British arms sales prolonging Saudi war in Yemen, says Oxfam
UK exports including air-to-air refuelling equipment will prolong conflict, say campaigners
Oxfam has accused the British government of prolonging the war in Yemen by allowing the export of air-to-air refuelling equipment that it fears could be used to help the Saudi air force conduct indiscriminate bombing in the country.
The technology was licensed to Riyadh last summer when arms restrictions were lifted, alongside £1.4bn of other sales, and can be used to help war planes fly longer missions at a time when the conflict is intensifying.
Sam Nadel, head of policy and advocacy at Oxfam, said: “As the US has called for an end to the conflict in Yemen, the UK is heading in the opposite direction, ramping up its support for the brutal Saudi-led war by increasing arms sales and refuelling equipment that facilitate airstrikes.”
Fighting has surged around Marib, the Riyadh-backed government’s last stronghold in the north. Houthi rebels are attempting to take the strategic city, prompting the Saudi-led coalition to launch a succession of airstrikes to prevent their advance.
Until recently, Marib was considered a haven for people displaced from elsewhere by the conflict. Oxfam estimates that there are already 850,000 refugees living in dozens of camps in and around Marib city, and on a recent visit its staff also witnessed “many, many people sleeping on streets and in doorways”.
The British charity has called on both sides to adopt an urgent ceasefire, and on the UK to halt all arms exports that could be used in the conflict. “The UK claims to support peace in Yemen. It can start by immediately ending the sale of all arms that risk being used against civilians and exacerbating the humanitarian crisis,” Nadel added.
Earlier this month, the new Biden administration in the US said it would halt the sales of all arms to Saudi Arabia that could be used in “support of offensive operations”. Italy said it had halted missile sales to the Gulf kingdom a few days earlier.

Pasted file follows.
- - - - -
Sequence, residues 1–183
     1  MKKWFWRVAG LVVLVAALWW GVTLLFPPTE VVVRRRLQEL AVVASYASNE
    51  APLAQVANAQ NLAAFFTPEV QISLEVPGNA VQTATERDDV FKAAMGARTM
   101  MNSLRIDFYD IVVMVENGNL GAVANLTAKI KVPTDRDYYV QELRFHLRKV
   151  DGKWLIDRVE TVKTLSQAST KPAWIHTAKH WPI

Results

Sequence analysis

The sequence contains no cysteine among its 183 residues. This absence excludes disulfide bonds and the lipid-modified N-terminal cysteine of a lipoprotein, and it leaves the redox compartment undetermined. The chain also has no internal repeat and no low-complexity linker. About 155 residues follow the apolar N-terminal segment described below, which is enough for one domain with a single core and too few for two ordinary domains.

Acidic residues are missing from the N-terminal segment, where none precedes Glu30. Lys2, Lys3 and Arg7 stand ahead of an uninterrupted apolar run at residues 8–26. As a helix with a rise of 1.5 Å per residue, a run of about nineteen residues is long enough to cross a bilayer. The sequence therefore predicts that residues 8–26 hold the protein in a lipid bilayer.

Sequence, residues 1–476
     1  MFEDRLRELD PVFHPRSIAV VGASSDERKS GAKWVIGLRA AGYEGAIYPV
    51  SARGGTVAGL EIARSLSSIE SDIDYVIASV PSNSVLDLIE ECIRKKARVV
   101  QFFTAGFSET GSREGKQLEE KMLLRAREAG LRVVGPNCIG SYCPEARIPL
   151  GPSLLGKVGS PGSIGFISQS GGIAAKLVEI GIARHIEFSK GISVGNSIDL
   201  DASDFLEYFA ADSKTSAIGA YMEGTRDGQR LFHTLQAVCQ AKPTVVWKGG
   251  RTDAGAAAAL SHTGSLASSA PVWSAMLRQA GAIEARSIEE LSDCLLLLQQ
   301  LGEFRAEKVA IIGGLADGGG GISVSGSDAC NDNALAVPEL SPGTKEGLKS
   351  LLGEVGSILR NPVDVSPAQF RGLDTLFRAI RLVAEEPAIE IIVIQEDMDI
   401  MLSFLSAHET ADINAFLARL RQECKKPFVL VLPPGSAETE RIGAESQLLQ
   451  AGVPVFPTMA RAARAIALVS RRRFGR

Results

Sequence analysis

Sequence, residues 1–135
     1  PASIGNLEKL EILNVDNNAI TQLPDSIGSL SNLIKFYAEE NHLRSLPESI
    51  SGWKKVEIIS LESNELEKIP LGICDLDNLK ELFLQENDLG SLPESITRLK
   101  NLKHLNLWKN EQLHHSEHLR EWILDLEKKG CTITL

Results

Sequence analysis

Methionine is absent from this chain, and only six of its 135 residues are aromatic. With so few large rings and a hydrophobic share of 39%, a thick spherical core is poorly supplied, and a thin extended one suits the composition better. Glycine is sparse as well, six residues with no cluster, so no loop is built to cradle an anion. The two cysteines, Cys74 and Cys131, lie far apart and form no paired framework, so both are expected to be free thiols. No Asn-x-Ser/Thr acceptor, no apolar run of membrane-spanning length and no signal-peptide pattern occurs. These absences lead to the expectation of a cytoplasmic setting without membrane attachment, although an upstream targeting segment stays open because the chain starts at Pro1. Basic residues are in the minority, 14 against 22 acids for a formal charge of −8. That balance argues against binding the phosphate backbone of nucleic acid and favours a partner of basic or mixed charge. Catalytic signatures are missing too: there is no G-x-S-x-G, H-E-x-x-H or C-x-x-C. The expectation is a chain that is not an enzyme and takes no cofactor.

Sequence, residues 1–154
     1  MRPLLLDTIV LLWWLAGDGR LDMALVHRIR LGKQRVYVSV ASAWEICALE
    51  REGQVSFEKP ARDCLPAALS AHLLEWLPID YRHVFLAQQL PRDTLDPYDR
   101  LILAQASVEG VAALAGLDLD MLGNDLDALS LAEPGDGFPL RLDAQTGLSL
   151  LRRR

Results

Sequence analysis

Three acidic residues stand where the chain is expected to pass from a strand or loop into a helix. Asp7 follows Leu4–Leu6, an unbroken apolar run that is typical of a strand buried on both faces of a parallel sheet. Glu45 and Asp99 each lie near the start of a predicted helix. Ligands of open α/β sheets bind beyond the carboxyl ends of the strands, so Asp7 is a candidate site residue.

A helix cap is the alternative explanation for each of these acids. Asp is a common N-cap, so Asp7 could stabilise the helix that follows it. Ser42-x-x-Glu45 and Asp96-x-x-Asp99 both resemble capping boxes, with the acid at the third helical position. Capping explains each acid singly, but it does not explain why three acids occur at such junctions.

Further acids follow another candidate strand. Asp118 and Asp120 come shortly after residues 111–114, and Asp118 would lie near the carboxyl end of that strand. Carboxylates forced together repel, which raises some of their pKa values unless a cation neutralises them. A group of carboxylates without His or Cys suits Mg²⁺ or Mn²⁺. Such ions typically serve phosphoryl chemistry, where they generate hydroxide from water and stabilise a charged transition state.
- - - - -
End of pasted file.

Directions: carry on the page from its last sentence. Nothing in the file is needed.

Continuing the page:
But the UK has resisted pressure to follow suit as the humanitarian situation worsens, in a conflict that dates back to 2014 and has caused the direct and indirect deaths of nearly a quarter of a million people.
Last week, United Nations representatives warned that the war had seen a “sharp escalatory turn” in a briefing to the Security Council – and that 5 million civilians were “just one step away from famine.”
British ministers – the foreign secretary, Dominic Raab, and the international trade secretary, Liz Truss – approved a surge in arms exports to Saudi Arabia in the third quarter of 2020, after concluding, following a court-mandated review, that there were only “isolated incidents” of breaches of humanitarian law.
The exports totalled at least £1.4bn and included the export of “airborne refuelling equipment” and related components under an open export licence – as well as nearly £700m of bomb components and £100m of air-to-surface missiles.
The Saudi-led coalition - relying on equipment supplied by the west - has been repeatedly accused of conducting indiscriminate bombing since entering the conflict in 2015, killing, wounding and displacing civilians.
According to the Yemen Data Project, which tracks bombings, 10% of the 125 coalition airstrikes recorded in January targeted civilian sites and 13% hit military targets, while the rest could not yet be accounted for. Over the course of the war, an estimated 8,750 civilians have been killed in airstrikes.
It has been estimated that 80% of the airstrikes conducted by the Saudi-led coalition fighting the Houthi rebels in Yemen are “dynamic”, carried out when a war plane sees an opportunity to hit the ground in a combat zone. By refuelling, typically shortly after takeoff, planes can loiter in a combat zone for longer, searching for targets.
A government spokesperson said: “The UK operates one of the most comprehensive export control regimes in the world. The government takes its export responsibilities seriously and rigorously assesses all export licences in accordance with strict licensing criteria.” British
source: Dan Sabbagh